11. Ground handling
The Ground Handling Policy of 2010 will be replaced by a new policy. As per the new policy, the airport operator has to ensure that there will be a minimum of three Ground Handling Agencies (“GHA”) including Air India’s subsidiary/JV at an airport to ensure fair competition. There will be no upper limit on the number of GHAs at an airport. Domestic airlines and charter operators will be free to carry out self-handling themselves or through their own subsidiaries or to outsource the same to other airlines or to a GHA.
MCA will encourage consolidation in ground handling through stakeholder consultations, with the objective of bringing in economies of scale and higher efficiency, without compromising on service quality, safety, security and cost to passengers. MCA will also encourage rationalization of airport royalties and other additional charges levied on GHAs over and above a reasonable lease rental.
The ground handling staff will be on the rolls of the airlines or their subsidiaries or the GHA and not of a manpower supplier. Domestic airlines (and their subsidiaries) and GHAs will be permitted to take contract employees on their rolls. Such employment contracts will be for a period of at least one year.
12. Aeronautical ‘Make in India’
MCA will be nodal agency for developing commercial aero-related manufacturing and its eco-system in India. MCA and MoD will work together to ensure that commercial aero-manufacturing is covered under defence offsets requirements. MCA will encourage Indian carriers to consolidate their future demand for commercial aircraft.
The government will negotiate with global OEMs to facilitate establishment of a complete aircraft assembly plant in India along with its ancillary industries.
Area where aero-manufacturing takes place will be notified as SEZ. The government will provide fiscal and monetary incentives and fast-track clearances to global OEMs and their ancillary suppliers.
In case the cost of made-in-India aircraft and components work out to be higher than those supplied from their original sources, the government will consider an incentive package to nullify the cost differential.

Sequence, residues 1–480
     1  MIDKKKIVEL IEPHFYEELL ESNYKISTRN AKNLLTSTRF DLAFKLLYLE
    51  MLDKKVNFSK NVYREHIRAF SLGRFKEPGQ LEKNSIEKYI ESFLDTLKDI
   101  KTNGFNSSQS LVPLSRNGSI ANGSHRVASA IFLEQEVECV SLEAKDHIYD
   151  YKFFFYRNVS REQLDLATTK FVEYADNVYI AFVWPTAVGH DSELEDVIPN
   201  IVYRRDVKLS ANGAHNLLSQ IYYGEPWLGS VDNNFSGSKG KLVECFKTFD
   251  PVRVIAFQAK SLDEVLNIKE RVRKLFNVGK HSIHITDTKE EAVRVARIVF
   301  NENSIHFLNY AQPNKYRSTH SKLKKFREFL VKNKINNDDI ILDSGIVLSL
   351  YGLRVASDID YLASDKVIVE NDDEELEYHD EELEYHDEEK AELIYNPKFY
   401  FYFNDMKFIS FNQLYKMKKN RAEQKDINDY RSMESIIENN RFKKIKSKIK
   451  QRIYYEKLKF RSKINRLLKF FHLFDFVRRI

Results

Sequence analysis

13. Air Navigation Services (“ANS”)
India has become the fourth nation in the world to use satellite-based navigation system, after the launch of GAGAN. AAI will explore opportunities to incentivise the airlines by way of concessions in ANS charges for getting their existing aircraft retrofitted with GAGAN receivers. New aircraft being registered in India from 1st April 2017 will mandatorily have to be GAGAN enabled.
‘CATC Allahabad’ which is ANS’ training institute, will be developed into a world-class training centre for ANS professionals for the Indian and global market. CATC will be operated as a profit centre.
Directorate General of Civil Aviation (“DGCA”) will implement State Safety Programme and develop State Safety Plan to ensure effective implementation of Safety Management Systems by relevant service providers. DGCA will also ensure real-time safety tracking and prompt incident reporting.
DGCA will issue separate Civil Aviation Requirements (“CAR”) wherever possible for the ease of Scheduled Commuter Airlines, Charter operators etc. DGCA will review CARs once in every 5 years. DGCA will be authorized to impose fines and penalties for violations and necessary amendments to this effect, will be carried out in the applicable laws.
DGCA will strive to create a single-window system for all aviation related transactions, queries and complaints. The services rendered by DGCA will be fully automated by 1 April 2016 by implementing eGCA project on priority. DGCA will be allowed to recruit its personnel directly for posts which are sanctioned as per recruitment rules by exempting them from UPSC for this purpose.